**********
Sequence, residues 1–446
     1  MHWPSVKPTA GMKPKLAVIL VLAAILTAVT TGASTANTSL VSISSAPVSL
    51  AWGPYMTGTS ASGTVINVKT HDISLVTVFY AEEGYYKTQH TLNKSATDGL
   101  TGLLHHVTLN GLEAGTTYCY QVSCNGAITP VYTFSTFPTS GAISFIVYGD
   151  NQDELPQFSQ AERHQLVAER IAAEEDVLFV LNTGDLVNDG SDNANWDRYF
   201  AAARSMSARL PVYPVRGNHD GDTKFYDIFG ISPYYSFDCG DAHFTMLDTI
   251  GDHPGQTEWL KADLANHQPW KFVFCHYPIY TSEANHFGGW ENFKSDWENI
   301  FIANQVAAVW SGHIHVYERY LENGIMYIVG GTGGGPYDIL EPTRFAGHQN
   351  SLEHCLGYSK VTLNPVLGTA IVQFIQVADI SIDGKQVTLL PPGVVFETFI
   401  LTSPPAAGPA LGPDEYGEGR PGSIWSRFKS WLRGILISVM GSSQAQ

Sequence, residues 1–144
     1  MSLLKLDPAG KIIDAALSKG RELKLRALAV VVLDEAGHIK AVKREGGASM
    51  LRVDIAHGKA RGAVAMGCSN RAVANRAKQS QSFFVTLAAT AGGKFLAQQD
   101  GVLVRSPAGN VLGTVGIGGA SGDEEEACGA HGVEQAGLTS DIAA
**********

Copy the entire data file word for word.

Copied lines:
Sequence, residues 1–446
     1  MHWPSVKPTA GMKPKLAVIL VLAAILTAVT TGASTANTSL VSISSAPVSL
    51  AWGPYMTGTS ASGTVINVKT HDISLVTVFY AEEGYYKTQH TLNKSATDGL
   101  TGLLHHVTLN GLEAGTTYCY QVSCNGAITP VYTFSTFPTS GAISFIVYGD
   151  NQDELPQFSQ AERHQLVAER IAAEEDVLFV LNTGDLVNDG SDNANWDRYF
   201  AAARSMSARL PVYPVRGNHD GDTKFYDIFG ISPYYSFDCG DAHFTMLDTI
   251  GDHPGQTEWL KADLANHQPW KFVFCHYPIY TSEANHFGGW ENFKSDWENI
   301  FIANQVAAVW SGHIHVYERY LENGIMYIVG GTGGGPYDIL EPTRFAGHQN
   351  SLEHCLGYSK VTLNPVLGTA IVQFIQVADI SIDGKQVTLL PPGVVFETFI
   401  LTSPPAAGPA LGPDEYGEGR PGSIWSRFKS WLRGILISVM GSSQAQ

Sequence, residues 1–144
     1  MSLLKLDPAG KIIDAALSKG RELKLRALAV VVLDEAGHIK AVKREGGASM
    51  LRVDIAHGKA RGAVAMGCSN RAVANRAKQS QSFFVTLAAT AGGKFLAQQD
   101  GVLVRSPAGN VLGTVGIGGA SGDEEEACGA HGVEQAGLTS DIAA